With oral cancer, antiquated dental hygiene practices are overdue for advancement

Sarah Crow, RDH
Sarah Crow, RDH.

ADPIE (assessment, diagnosis, plan, implement, and evaluation) is a process of care that has been taught in both medical and dental educational institutions all over the U.S. since the 1950s and sets the standards for clinical dental hygiene practice. It's within these five words that dental hygienists construct our appointments with each patient. It's as if each phase of the appointment leads us to the next as we systematically document each critical detail and step.

The Standards for Clinical Dental Hygiene Practice published by the American Dental Hygienists' Association states that "dental hygienists are encouraged to enhance their knowledge and skill base, to maintain continued competence." Dental hygienists can do this with technology!

When it comes to technology in the hygiene room, you may want to pay close attention, because you don't want to be left behind. Over the years, we've had technologies assist in providing an elevated standard of care.

Complements to our basic standards include digital medical history forms, automatic blood pressure cuffs, voice-activated periodontal charting software, salivary diagnostics, intraoral scanners. Now in 2024, we've been fortunate to adopt a technology that upgrades our dental hygiene strategies with the minimally invasive, maximally preventive use of airflow technology and the Airflow Prophylaxis Master device by EMS. With increasing technological advancements, and implementation of the guided biofilm therapy protocol, we can now provide curated care that allows the patient to be part of the process and take ownership of their oral health all while providing a strong yet preeminent standard of care.

Antiquated dental hygiene practices are overdue for advancement, and it's our responsibility as licensed clinicians to stay up to date with the latest in dental hygiene. Consider yourself lucky if you have the good fortune of working with a dentist who shares your preventive philosophies and invests in their hygiene department with the technologies listed above.

Fortunately, over the past few years, there has been a strong shift in the way dentists and patients alike perceive dental hygienists. The word has gotten out that we are more than just your tooth cleaner.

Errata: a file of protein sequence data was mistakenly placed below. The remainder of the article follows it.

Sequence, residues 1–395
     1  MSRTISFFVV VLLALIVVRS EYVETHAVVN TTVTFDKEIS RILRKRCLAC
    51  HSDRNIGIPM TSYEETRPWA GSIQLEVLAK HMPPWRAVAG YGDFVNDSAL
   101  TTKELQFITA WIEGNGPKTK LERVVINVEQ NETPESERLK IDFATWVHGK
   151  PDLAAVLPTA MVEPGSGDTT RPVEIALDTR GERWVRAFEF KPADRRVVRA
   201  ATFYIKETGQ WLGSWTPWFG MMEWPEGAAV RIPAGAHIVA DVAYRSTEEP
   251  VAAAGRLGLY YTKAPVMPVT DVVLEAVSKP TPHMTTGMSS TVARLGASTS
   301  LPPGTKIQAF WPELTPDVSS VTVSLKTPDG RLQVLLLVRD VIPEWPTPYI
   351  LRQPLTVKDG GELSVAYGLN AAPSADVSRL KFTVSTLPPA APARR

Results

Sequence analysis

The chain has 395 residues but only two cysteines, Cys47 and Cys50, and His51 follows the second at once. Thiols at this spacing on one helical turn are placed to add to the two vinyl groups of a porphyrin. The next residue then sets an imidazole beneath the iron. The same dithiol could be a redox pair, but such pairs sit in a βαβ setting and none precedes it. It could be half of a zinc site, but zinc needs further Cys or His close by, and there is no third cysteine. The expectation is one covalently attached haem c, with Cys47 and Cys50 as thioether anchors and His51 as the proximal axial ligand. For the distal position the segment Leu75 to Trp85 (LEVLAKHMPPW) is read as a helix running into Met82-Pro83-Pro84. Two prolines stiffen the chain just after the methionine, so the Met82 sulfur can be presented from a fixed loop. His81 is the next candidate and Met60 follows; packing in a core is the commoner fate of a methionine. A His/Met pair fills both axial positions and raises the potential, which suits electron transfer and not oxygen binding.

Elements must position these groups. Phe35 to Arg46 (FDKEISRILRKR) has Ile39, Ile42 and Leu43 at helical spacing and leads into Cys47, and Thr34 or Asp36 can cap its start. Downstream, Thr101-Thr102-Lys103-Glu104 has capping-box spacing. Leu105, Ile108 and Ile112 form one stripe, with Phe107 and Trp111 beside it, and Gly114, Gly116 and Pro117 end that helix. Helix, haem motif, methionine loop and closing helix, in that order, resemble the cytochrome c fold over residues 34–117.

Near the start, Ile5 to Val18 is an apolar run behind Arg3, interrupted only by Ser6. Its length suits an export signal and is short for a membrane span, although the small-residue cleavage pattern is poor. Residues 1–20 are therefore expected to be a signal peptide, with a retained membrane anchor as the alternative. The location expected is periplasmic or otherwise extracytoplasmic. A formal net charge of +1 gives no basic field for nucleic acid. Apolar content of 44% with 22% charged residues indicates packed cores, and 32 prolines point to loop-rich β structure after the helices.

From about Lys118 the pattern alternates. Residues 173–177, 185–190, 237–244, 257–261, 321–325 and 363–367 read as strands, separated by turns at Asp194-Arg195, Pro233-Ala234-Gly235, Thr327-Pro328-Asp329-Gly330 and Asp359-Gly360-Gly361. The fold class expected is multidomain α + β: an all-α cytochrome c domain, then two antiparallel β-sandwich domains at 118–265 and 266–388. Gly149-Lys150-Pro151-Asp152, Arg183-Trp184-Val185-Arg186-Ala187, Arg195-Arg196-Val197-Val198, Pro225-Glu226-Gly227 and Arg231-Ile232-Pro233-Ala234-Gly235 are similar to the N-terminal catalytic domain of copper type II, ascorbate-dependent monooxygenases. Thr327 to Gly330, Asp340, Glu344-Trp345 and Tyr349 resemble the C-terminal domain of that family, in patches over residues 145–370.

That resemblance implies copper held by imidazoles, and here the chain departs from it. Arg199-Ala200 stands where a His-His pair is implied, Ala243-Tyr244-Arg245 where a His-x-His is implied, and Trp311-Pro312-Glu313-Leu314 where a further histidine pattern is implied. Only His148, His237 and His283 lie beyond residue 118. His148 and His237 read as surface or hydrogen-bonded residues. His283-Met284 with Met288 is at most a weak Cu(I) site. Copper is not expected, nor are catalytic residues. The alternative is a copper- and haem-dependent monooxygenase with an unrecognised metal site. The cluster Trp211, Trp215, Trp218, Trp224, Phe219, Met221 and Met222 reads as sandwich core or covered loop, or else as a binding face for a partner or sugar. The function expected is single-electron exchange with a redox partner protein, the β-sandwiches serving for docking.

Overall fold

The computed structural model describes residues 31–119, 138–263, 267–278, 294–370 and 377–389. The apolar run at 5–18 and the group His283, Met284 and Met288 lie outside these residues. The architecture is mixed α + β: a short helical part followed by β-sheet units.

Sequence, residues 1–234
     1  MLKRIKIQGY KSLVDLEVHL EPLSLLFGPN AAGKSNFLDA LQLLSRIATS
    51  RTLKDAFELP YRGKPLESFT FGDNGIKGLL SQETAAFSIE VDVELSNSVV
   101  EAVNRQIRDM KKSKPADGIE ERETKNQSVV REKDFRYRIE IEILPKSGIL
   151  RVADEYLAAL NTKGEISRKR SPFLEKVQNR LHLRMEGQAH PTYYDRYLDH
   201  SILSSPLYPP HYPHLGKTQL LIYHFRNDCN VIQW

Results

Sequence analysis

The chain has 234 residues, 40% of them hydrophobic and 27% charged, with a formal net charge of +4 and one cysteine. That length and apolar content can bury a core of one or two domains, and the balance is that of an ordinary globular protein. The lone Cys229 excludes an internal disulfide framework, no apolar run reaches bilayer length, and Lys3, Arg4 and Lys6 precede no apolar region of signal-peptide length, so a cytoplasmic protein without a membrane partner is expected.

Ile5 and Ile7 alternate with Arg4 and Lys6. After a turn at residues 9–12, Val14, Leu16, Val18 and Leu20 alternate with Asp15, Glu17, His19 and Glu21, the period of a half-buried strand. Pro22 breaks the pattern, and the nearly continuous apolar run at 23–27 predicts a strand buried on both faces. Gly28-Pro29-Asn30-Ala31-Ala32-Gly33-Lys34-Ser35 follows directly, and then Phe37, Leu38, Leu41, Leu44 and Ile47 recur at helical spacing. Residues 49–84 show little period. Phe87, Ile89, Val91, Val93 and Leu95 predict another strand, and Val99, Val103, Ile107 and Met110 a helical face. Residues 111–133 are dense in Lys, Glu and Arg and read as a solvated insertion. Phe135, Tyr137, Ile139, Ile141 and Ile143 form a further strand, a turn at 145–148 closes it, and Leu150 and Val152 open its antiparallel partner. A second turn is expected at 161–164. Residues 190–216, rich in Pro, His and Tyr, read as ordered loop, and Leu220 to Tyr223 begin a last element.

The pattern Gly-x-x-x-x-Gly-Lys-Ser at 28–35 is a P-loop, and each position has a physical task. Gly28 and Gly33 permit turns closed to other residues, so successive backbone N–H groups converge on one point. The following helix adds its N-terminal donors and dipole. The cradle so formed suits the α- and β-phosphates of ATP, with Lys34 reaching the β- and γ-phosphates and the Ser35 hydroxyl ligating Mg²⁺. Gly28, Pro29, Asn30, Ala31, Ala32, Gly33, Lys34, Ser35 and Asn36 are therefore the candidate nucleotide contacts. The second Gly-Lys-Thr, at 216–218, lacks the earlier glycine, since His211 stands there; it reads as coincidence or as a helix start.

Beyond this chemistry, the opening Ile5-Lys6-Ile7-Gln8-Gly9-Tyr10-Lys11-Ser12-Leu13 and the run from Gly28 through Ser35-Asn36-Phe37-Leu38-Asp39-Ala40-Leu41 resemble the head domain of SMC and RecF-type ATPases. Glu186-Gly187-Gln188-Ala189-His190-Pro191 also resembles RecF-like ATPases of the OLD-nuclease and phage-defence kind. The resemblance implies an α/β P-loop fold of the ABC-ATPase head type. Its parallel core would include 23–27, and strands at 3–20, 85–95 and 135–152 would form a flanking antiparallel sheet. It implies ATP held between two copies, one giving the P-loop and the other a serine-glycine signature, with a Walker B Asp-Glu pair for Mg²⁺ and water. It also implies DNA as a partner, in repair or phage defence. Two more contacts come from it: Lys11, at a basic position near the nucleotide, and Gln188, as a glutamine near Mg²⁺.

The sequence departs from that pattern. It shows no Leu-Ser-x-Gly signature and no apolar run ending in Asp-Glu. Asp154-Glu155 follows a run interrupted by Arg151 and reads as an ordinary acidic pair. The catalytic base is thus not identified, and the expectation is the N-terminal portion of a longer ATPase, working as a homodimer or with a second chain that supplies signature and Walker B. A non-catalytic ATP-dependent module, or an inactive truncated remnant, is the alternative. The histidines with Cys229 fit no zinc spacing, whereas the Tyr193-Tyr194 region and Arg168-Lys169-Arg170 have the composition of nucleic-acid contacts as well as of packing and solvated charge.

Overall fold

Arguably, one of the most important touch points during our time with patients is oral cancer screening. However, this lifesaving screening has been left in the dust when it comes to technology. According to the MD Anderson Cancer Center Report, here are some important facts to be aware of:

  • More than 700,000 new cases are diagnosed globally per year.
  • Seventy-three percent of oral cancer cases diagnosed are considered late stage with a survival rate of five years.
  • Oral cancer is projected to be the third most prevalent cancer among men in the U.S. in 20 years, and misdiagnosis is the No. 2 reason why dentists are sued.

Maybe you've detected oral cancer in a patient or spotted a suspicious-looking lesion, but how competent do you really feel about your oral cancer screening capabilities? Sadly, once oral cancer is detected by visual inspection and palpation, it's often too late. As dental hygienists, we like hard data, but something about oral cancer screening always feels a bit "iffy." Oftentimes, our assessment findings are clear as mud. We need technology to help.

With the use of the BeVigilant OraFusion System, early detection of oral cancer is being revolutionized, with results chairside in 15 minutes or less. The salivary biomarker test, which was developed by an attorney whose parents both died of oral cancer, provides real-time feedback to the dental professional.

The results assist with whether a referral for a suspicious lesion should be escalated sooner. This technology helps dental professionals identify the patients who need follow-up or immediate attention by a specialist. Finally, a technology that helps elevate survival outcomes in oral cancer through early detection.

The system comprises a lateral flow cassette that looks like a small iPad. The hygienist adds four drops of saliva to initiate a test. Coupled with the clinician's input of the patient's risk factors, such as gender, age, smoking status, and alcohol use, the reader measures the amount of three specific proteomic biomarkers.

These biomarkers are proteins that become elevated as tissue becomes cancerous and have been researched and chosen based on their goal of early detection. Results of low-risk, moderate-risk, or elevated-risk status are delivered chairside in minutes.

The BeVigilant OraFusion System has launched commercially in Germany, Italy, and the United Kingdom. It has been granted a breakthrough device designation by the U.S. Food and Drug Administration.

Sarah Crow, RDH, started in the dental industry in 2004. She currently serves as the immediate past president of the Massachusetts Dental Hygienists' Association. She is a senior executive consultant for the Cellerant Consulting Group and a U.S. trainer for the Swiss Dental Academy in the field of guided biofilm therapy with EMS. She presents educational content both virtually and in person to dental professionals across the U.S.

The comments and observations expressed herein do not necessarily reflect the opinions of DrBicuspid.com, nor should they be construed as an endorsement or admonishment of any particular idea, vendor, or organization.

Page 1 of 116
Next Page